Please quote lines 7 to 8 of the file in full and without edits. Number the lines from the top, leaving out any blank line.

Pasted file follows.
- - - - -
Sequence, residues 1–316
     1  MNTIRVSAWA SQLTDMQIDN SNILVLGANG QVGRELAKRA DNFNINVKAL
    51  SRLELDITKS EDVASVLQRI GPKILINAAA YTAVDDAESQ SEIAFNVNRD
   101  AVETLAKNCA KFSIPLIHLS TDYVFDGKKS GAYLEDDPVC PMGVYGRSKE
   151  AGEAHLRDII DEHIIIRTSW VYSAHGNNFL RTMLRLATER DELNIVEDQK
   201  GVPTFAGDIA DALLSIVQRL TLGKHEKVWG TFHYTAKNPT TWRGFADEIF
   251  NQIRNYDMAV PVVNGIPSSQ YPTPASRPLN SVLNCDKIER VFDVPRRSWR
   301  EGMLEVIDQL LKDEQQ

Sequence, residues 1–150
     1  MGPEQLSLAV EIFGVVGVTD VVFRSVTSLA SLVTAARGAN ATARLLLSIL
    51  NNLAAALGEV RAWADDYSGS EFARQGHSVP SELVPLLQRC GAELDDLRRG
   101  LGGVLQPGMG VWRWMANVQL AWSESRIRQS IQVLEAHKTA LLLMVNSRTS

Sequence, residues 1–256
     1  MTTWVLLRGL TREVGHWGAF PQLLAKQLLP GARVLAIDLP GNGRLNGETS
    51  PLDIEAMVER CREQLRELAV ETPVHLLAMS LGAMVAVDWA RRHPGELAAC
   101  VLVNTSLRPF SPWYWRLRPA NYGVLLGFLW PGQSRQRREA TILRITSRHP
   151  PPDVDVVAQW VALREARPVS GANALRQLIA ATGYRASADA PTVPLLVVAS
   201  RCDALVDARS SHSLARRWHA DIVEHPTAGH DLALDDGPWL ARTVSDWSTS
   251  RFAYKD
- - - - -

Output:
   251  NQIRNYDMAV PVVNGIPSSQ YPTPASRPLN SVLNCDKIER VFDVPRRSWR
   301  EGMLEVIDQL LKDEQQ